Edurne Redondo Negrete and its members analyzed the possibilities of 3D printing for the development of electrical energy storage and conversion systems in a work published last year in the journal Chemical Reviews. The work has received numerous mentions and has just won the prize to readers' favorite work.
“One of the major challenges of using 3D printing for electrochemical applications is converting printed objects into conductors,” explains Redondo. In fact, in general, the threads used for printing are usually thermoplastic polymers. “Although we also use yarns with conductive materials such as graphene, we must perform different treatments to make them more conductive. And we also make other surface changes by adding other materials or molecules to be able to use them for electrochemical applications.” For this purpose they use thermal treatments and reducers, for example, for the manufacture of supercapacitors. “We have also associated chiral enzymes to 3D printing electrodes for use in biosensors.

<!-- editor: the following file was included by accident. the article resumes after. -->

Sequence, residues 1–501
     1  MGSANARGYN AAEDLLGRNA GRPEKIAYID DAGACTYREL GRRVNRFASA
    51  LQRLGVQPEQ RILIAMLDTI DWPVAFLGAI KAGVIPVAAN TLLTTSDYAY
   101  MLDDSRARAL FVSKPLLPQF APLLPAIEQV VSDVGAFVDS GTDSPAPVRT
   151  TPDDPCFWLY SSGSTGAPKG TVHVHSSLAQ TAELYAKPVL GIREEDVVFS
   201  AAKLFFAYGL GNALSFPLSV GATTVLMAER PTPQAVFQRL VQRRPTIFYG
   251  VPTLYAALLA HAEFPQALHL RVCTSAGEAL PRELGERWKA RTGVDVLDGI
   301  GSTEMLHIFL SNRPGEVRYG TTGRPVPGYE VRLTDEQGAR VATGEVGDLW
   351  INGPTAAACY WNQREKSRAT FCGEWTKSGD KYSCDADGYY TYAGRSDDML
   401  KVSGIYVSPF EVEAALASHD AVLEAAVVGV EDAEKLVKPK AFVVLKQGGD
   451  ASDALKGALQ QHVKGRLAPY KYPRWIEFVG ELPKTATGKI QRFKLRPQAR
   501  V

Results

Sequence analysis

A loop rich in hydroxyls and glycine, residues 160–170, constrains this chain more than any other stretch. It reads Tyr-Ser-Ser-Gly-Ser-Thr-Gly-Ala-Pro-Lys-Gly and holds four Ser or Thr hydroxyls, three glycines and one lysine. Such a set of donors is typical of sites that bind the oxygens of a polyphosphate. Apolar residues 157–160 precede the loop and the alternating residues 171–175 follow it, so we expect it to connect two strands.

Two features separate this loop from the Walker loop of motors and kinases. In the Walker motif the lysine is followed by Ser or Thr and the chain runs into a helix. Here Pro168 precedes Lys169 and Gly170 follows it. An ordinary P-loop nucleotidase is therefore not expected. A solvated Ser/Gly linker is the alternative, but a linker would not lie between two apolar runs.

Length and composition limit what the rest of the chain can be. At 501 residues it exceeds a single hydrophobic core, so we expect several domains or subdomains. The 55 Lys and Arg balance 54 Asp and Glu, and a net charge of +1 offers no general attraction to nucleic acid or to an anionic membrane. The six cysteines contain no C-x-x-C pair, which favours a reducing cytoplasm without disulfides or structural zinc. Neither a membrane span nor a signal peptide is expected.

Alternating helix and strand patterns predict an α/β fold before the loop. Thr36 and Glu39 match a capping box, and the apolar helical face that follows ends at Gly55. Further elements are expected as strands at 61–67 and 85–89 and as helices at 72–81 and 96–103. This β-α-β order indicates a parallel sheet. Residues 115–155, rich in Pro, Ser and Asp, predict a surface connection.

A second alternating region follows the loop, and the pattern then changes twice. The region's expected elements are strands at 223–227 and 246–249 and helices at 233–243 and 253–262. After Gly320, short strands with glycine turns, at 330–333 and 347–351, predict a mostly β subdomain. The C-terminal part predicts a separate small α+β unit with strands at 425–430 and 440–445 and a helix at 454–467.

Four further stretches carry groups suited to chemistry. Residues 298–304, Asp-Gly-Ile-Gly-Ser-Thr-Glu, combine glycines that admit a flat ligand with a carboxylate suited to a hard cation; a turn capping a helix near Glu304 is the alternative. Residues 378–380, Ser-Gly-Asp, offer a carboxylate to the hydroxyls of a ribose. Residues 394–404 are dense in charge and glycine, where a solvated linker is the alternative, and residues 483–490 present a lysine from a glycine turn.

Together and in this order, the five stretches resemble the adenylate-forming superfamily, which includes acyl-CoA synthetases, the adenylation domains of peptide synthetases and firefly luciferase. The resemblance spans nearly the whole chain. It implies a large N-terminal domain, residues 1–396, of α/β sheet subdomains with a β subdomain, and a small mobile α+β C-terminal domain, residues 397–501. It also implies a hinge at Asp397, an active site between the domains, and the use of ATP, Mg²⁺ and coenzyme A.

Redondo investigates at the CEITEC center in Brnon, Czech Republic. “At the moment we have not managed to overcome existing systems in the current market, but our work is a conceptual test,” says Redondo. And the field of 3D printing is very hopeful, because in the future it would allow to make all kinds of electronic devices in small workshops with the most curious ways we can imagine.”
Saioa hasi iruzkinak uzteko.